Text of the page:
It’s a rainy day in 2004 and my fiance’ and I are sitting at an intersection waiting for the light to change. I can see our destination across the intersection; a loan office where a check is waiting for our engagement ring. My gut is telling me this isn’t the right thing to be doing (the marriage not the loan) so I pick a fight. I’m not equipped emotionally to know what I need or want out of life; all I know is the fear of being alone. My fiance’ begins to cry and I fear she does not love me, so I tell her I love her and everything is going to be OK. We pick up the loan check. We get married in January of ‘05 and annulled six months later. Looking back, fear influenced nearly every decision in my life.
As I have transformed my life into a purposeful spiritual journey, one thing has become abundantly clear; fear had been and continues to be at the root of most of my problems. The fear I experience is usually rooted in two beliefs: 1) that I’m not going to get something I think I want, or 2) that I’m about to lose something I think I have. I emphasis think in both instances because most of what I have is merely an illusion. In that they’re material or contingent on others; neither one of which I have control over. What I do have control over is my thoughts, where most of my fears are manifested.
FEAR: False Evidence Appearing Real
Fear as a Motivator
One of the reasons we find it hard to completely rid our lives of fear is; fear is a great motivator.
You can apply this to almost any situation. Fear of economic insecurity motivates us to work harder; fear of being alone motivates us to date or enter relationships (whether we should or not!), fear of sickness motivates us to take better care of ourselves (hopefully), the list could go on. So how do we overcome fear and use it to our advantage in a healthy way? The key lies in transforming fear into something useful and productive that enhances our lives and our spiritual journey.
One thing I discovered years ago was that reactionary decisions based solely on fear inevitably placed me in a position which was detrimental to me; whether I realized it at the time or not. Relationships, jobs, you name it; when making decisions based mainly on fear, I found myself in situations that I knew were not right for me. In many cases, the painful realization that I made the wrong decision came later—at the price of my serenity and/or that of others.
Perhaps fear can still be a good thing as it motivates; maybe instead of overcoming fear, we should think about transforming fear into something useful.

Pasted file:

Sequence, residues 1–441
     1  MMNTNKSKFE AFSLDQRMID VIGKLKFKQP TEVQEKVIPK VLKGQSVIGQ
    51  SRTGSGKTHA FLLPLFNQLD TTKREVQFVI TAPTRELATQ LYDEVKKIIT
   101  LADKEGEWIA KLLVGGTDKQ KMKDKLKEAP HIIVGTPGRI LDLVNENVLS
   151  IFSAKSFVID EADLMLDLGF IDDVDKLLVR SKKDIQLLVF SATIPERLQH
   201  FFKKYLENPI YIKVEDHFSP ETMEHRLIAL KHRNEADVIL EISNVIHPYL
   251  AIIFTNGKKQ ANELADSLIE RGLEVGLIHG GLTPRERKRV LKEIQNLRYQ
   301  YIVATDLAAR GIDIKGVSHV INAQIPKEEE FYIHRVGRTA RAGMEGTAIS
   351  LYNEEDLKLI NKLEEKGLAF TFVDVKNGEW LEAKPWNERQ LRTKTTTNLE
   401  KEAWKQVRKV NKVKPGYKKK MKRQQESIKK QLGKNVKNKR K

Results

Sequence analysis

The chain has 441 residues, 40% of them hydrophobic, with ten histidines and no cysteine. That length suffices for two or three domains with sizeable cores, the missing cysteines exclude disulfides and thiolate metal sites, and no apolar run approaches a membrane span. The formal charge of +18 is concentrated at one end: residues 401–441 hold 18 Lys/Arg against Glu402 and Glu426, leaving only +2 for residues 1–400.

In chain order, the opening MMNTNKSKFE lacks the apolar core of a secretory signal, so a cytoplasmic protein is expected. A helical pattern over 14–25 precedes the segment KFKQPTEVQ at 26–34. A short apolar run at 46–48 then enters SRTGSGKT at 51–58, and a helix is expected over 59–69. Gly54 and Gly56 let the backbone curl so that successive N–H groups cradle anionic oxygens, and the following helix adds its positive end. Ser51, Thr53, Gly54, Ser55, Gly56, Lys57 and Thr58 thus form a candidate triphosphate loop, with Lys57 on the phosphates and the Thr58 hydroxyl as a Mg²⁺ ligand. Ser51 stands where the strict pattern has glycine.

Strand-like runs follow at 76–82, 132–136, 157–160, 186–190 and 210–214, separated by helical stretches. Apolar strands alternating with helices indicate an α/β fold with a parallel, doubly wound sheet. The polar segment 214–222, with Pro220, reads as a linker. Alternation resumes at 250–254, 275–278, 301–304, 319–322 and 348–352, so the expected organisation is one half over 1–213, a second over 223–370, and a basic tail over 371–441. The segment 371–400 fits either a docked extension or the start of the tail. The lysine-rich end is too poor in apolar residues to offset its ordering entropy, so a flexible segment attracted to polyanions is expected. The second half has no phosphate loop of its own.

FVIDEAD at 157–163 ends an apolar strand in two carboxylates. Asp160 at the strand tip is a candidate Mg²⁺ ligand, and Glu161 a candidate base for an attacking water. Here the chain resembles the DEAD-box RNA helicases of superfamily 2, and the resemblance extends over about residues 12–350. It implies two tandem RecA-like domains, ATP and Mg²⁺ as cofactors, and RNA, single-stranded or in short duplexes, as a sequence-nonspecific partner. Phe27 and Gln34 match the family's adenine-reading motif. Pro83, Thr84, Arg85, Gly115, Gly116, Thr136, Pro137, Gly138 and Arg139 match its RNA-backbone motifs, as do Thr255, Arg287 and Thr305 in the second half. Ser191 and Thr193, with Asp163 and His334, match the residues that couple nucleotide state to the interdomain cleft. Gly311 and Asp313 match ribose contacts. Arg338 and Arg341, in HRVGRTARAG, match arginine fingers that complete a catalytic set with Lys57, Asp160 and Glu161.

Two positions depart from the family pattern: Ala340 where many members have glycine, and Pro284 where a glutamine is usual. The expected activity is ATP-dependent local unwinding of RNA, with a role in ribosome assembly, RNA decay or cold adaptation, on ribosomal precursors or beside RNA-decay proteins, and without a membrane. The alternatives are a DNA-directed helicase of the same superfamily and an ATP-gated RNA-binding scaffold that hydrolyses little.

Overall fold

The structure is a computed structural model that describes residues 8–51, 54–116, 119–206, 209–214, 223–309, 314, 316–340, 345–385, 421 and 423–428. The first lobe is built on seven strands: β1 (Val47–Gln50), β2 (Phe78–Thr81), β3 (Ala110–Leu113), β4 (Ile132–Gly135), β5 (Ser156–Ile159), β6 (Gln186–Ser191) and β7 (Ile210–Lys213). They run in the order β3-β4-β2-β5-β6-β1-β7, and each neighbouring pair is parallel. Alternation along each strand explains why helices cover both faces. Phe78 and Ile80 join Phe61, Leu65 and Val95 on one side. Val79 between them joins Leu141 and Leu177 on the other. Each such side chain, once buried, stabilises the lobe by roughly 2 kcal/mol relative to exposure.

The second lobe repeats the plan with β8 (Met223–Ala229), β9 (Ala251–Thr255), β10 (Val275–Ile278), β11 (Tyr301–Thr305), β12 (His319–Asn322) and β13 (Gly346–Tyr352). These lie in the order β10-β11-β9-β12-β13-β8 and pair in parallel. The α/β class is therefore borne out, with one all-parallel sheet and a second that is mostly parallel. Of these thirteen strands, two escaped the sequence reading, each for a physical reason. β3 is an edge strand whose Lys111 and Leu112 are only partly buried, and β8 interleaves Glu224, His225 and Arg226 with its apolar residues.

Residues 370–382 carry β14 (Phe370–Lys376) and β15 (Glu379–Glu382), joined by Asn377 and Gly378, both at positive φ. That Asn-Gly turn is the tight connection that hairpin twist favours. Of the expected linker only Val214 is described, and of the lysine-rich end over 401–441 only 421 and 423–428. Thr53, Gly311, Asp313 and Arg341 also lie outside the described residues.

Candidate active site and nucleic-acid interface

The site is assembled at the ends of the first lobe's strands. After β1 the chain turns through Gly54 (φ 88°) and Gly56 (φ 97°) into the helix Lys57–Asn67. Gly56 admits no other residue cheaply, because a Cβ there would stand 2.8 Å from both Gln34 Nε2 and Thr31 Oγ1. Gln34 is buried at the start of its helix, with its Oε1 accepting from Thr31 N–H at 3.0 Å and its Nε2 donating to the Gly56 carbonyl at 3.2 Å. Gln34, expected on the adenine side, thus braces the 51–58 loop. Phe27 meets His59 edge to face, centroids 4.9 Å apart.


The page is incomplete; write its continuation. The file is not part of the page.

While doing research on overcoming fear, I came across a free report by Dr. Tim Ong called Transforming Fear (PDF).
Dr. Ong illustrates what I was talking about above; fear gets things done:
One of the reasons why fear is so prevalent is because it gets things done, often according to what we want. For example, we threaten punishment to our kids for misbehaving. We threaten loss of job for the employee who does not perform. The government threatens fines and imprisonment for those who break the laws. Politicians and marketers are especially skillful in using fear as a motivator to get our votes or sell their products and services. The insurance industry highlights fear in the forms of loss of life or health to sell their products. Even the healthcare industry, particularly some doctors and pharmaceutical companies, uses fear to promote their services and products.
It is important for us to realize that fear begets more fear. The more we focus our lives on fear, the more fear appears in our lives. It becomes a never ending vicious cycle.
In my experience and probably yours, decisions made out of fear rarely end up being right for me, and often lead to more fear or unhappiness. So I concur with Dr. Ong’s findings. Dr. Ong then continues the report with a practical problem solving process consisting of: 1. Identify the Problem, 2. Find its root cause, 3. Determine the solution, and 4. Work towards the solution. Additionally he goes into detail about the nature(cost) of fear, and root causes such as insecurity, loneliness, and loss. I found his article on fear amazingly accurate and helpful.
Dr. Ong suggests that fear is often manifested, unknowingly by ourselves as a result of our belief system. He then gives a 500 word exercise to help you discover more about your belief system.
I do disagree with Dr. Ong in that all fear is caused by three things: insecurity, loneliness, or loss. I would argue that regardless of the cause, all fear (emotional) comes back to insecurity; both physical and emotional. Isn’t the feeling of loneliness actually the result of feeling inadequate or incapable of finding happiness by ourselves? Maybe a better root cause of fear could simply be the absence of love. I don’t know… maybe that’s a whole different topic.
Overcoming fear is a process we learn, and ultimately we overcome fear by transforming it into something useful. For me, anything that separates me from others or a spiritual guided life is detrimental to my well being. Learning how to identify the cause of my fear is just another step towards enlightenment and thus a healthier spiritual life. Nonetheless, regardless of your belief system, you can learn to overcome fear by identifying the root cause behind the fear itself.
One great point Dr. Ong makes in overcoming fear is, “Fear, like all other emotions, is preceded by a thought. It is in fact a mental state.” So if we learn how to control our thoughts, ultimately we can overcome fear.
If you’re struggling with fear, I encourage you to download Dr. Ong’s report Transforming Fear (PDF). It’s free and you don’t even have to enter your name or email address!
photo credit: Muddy Funkster